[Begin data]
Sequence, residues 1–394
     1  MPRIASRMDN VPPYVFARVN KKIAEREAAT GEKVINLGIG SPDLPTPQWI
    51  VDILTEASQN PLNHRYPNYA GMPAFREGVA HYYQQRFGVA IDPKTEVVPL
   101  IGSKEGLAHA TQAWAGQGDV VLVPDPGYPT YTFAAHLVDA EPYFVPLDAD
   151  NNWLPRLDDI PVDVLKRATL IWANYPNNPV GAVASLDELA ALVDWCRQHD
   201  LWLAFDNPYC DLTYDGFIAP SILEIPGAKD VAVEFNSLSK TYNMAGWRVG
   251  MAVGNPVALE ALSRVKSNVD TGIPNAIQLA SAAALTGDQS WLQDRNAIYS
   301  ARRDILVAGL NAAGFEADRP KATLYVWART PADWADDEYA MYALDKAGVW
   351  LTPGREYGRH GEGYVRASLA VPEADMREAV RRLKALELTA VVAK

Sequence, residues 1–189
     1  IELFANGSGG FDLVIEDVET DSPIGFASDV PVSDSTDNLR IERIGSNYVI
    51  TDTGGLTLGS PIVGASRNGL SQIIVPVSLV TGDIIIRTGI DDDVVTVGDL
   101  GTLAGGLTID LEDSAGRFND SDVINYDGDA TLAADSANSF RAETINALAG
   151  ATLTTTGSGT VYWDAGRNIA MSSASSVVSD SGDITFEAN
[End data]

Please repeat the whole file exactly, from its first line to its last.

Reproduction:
Sequence, residues 1–394
     1  MPRIASRMDN VPPYVFARVN KKIAEREAAT GEKVINLGIG SPDLPTPQWI
    51  VDILTEASQN PLNHRYPNYA GMPAFREGVA HYYQQRFGVA IDPKTEVVPL
   101  IGSKEGLAHA TQAWAGQGDV VLVPDPGYPT YTFAAHLVDA EPYFVPLDAD
   151  NNWLPRLDDI PVDVLKRATL IWANYPNNPV GAVASLDELA ALVDWCRQHD
   201  LWLAFDNPYC DLTYDGFIAP SILEIPGAKD VAVEFNSLSK TYNMAGWRVG
   251  MAVGNPVALE ALSRVKSNVD TGIPNAIQLA SAAALTGDQS WLQDRNAIYS
   301  ARRDILVAGL NAAGFEADRP KATLYVWART PADWADDEYA MYALDKAGVW
   351  LTPGREYGRH GEGYVRASLA VPEADMREAV RRLKALELTA VVAK

Sequence, residues 1–189
     1  IELFANGSGG FDLVIEDVET DSPIGFASDV PVSDSTDNLR IERIGSNYVI
    51  TDTGGLTLGS PIVGASRNGL SQIIVPVSLV TGDIIIRTGI DDDVVTVGDL
   101  GTLAGGLTID LEDSAGRFND SDVINYDGDA TLAADSANSF RAETINALAG
   151  ATLTTTGSGT VYWDAGRNIA MSSASSVVSD SGDITFEAN